For YA author Jenny Han, the film adaptation of her book, To All The Boys I’ve Loved Before, isn’t just a turning point in her career — it’s also the first time she’s seen an Asian American girl star in a teen movie.
“I really didn’t get to see myself in the stories,” Han, 37, tells PEOPLE in this week’s issue when describing the lack of diversity in the books and films from her childhood.
That’s beginning to change, though, thanks in part to Han. In the eponymous teen romance film, which debuted on Netflix on Aug. 17, protagonist Lara Jean is played by Asian American actress Lana Condor.
“For me, [writing] To All The Boys I’ve Loved Before was a chance to make a new modern-day classic,” Han says about creating Lara Jean, who is half Korean and half white. “Take Anne of Green Gables, where you have a character who is bright and optimistic and spunky and all those things we love in a classic, young heroine. [You] put her in the now, and write [a character] readers can really relate to and fall in love with in the same way that I did, but bring that fresh perspective to it.”
To All The Boys I’ve Loved Before is the story of Lara Jean, an “old-fashioned, throwback kind of girl,” says Han, who prefers to spend her time reading and hanging with her two sisters — until the letters she wrote to past loves are mailed out. Drama and a fake relationship ensue after the first boy she ever kissed, Peter (played by Noah Centineo in the film), and her sister’s boyfriend, Josh (played by Israel Broussard) read their letters.
To All The Boys I’ve Loved Before was released just two days after the premiere of Crazy Rich Asians — the first film in 25 years to star an all Asian American cast since The Joy Luck Club.
“The shift is happening because there are more creators of color who are telling their stories,” Han says. “When you have that, you have someone who is really invested in seeing the story told the way that they imagined it.”
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She later adds, “There is real power in seeing yourself as a hero. Because then you believe that you can do anything.”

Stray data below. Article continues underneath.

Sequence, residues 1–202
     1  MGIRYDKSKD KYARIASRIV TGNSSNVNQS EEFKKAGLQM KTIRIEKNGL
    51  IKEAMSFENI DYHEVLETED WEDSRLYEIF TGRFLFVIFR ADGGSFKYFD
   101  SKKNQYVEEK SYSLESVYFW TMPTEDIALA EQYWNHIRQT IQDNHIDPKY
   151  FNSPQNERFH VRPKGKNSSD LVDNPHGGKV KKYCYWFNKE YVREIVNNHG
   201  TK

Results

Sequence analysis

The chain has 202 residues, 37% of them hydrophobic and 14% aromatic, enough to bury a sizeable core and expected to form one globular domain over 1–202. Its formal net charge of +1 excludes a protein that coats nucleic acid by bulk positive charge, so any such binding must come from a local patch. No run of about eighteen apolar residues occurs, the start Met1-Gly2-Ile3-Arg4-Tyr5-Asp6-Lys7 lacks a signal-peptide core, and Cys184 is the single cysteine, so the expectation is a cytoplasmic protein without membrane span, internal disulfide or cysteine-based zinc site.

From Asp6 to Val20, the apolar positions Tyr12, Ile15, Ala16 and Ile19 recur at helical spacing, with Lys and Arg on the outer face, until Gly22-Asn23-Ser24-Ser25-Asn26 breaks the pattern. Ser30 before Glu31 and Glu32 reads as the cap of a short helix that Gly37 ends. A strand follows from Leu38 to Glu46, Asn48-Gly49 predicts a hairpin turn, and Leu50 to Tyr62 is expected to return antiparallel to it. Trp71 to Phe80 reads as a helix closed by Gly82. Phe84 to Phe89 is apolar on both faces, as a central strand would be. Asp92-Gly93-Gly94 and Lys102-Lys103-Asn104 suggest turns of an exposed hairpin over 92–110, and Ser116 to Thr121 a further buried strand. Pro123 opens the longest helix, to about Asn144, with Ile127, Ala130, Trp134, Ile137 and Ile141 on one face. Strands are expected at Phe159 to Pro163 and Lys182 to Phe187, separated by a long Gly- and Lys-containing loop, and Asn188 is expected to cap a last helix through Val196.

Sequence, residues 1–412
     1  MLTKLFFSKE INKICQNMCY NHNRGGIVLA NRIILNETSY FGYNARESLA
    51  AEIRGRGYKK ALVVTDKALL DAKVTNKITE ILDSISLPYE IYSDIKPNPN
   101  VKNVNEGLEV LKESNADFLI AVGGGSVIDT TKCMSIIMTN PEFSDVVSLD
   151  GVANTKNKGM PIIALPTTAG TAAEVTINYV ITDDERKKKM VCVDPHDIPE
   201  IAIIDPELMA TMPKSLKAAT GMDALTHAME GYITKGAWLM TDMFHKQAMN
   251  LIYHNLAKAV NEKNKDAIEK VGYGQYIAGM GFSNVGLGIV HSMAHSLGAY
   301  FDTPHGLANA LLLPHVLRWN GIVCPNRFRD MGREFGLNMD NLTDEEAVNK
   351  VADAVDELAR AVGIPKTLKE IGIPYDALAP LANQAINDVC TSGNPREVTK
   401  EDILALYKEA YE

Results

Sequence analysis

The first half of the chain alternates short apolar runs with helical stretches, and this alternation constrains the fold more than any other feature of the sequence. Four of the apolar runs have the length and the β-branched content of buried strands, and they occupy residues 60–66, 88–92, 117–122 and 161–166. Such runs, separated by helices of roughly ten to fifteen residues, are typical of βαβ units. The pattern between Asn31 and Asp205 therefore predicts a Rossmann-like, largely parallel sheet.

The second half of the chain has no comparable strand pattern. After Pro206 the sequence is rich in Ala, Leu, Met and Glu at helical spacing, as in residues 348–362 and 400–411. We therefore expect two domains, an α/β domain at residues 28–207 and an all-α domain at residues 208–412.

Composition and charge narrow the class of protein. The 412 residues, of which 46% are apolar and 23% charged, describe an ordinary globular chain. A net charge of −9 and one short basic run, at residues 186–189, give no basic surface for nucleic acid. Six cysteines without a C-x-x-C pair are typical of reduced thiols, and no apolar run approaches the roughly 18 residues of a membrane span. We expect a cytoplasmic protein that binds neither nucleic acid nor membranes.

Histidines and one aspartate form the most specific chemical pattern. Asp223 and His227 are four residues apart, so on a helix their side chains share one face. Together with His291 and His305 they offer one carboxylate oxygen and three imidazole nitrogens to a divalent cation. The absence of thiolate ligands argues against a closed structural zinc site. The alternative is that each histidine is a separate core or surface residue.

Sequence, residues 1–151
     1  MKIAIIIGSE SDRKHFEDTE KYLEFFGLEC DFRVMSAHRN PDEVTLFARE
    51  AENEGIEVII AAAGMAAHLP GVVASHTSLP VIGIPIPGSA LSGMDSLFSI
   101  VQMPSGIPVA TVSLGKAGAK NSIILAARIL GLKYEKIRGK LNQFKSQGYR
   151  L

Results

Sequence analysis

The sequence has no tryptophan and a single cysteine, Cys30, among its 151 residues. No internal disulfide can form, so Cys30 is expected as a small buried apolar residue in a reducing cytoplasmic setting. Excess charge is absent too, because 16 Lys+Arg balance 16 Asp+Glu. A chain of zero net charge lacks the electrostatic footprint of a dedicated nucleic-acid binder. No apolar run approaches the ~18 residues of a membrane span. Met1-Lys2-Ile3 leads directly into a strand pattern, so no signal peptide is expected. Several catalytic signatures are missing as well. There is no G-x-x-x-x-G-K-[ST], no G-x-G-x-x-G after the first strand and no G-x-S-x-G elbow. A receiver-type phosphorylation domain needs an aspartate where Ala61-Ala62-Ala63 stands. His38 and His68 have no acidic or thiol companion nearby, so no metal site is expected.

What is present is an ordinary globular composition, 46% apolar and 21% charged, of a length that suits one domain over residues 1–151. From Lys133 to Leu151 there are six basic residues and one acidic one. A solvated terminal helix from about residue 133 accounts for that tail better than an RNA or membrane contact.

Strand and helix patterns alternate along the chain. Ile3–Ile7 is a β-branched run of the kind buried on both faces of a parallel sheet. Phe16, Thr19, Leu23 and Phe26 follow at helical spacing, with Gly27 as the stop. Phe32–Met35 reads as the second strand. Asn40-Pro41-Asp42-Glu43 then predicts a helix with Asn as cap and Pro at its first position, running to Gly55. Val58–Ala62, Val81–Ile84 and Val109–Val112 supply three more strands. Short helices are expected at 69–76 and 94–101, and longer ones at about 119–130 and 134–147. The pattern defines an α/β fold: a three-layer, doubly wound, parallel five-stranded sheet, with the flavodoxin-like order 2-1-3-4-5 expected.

But that doesn’t mean all directors were eager to stay true to Han’s book. Han tells PEOPLE she turned down initial film offers because some studios wanted Lara Jean to be played by a white actress.
“It was a difficult position,” Han explains. “You have to say no again and again.”
Eventually, Will Smith’s production company, Overbrook Entertainment, picked up the film rights and later partnered with Awesomeness Films.
“At that point, it was great because we all had the same vision for it,” she says, “and the fact that the lead was Asian American wasn’t seen as a liability. It was something they were excited about.”
Han explains that her biggest hope is that more people of color will get starring roles.
“I just hope that if movies like mine and Crazy Rich Asians do well, we’ll see more getting made,” Han says. “That means more points of view and more stories told.”
And Lara Jean’s story is a fascinating one. While her Korean heritage is an important part of her identity, To All The Boys I’ve Loved Before is firstly a love story.
“I think that most young adult stories are about firsts and, to me as a writer, I think that firsts are the most compelling thing to write about,” the author says. “I think as you get older, the stuff in the middle can get kind of muddied, a little blurry, but the stuff that you experience the first time is the most interesting, the most exciting.”
Han adds, “The first time you fall [in love], you haven’t had your heart broken yet so you kind of dive into it with an open heart.”
It’s while falling in love that Lara Jean learns the most important lesson in To All The Boys I’ve Loved Before.
“You don’t have to you change yourself,” Han explains, “for somebody else to like you.”
For more about Jenny Han, pick up the latest issue of PEOPLE, on newsstands Friday.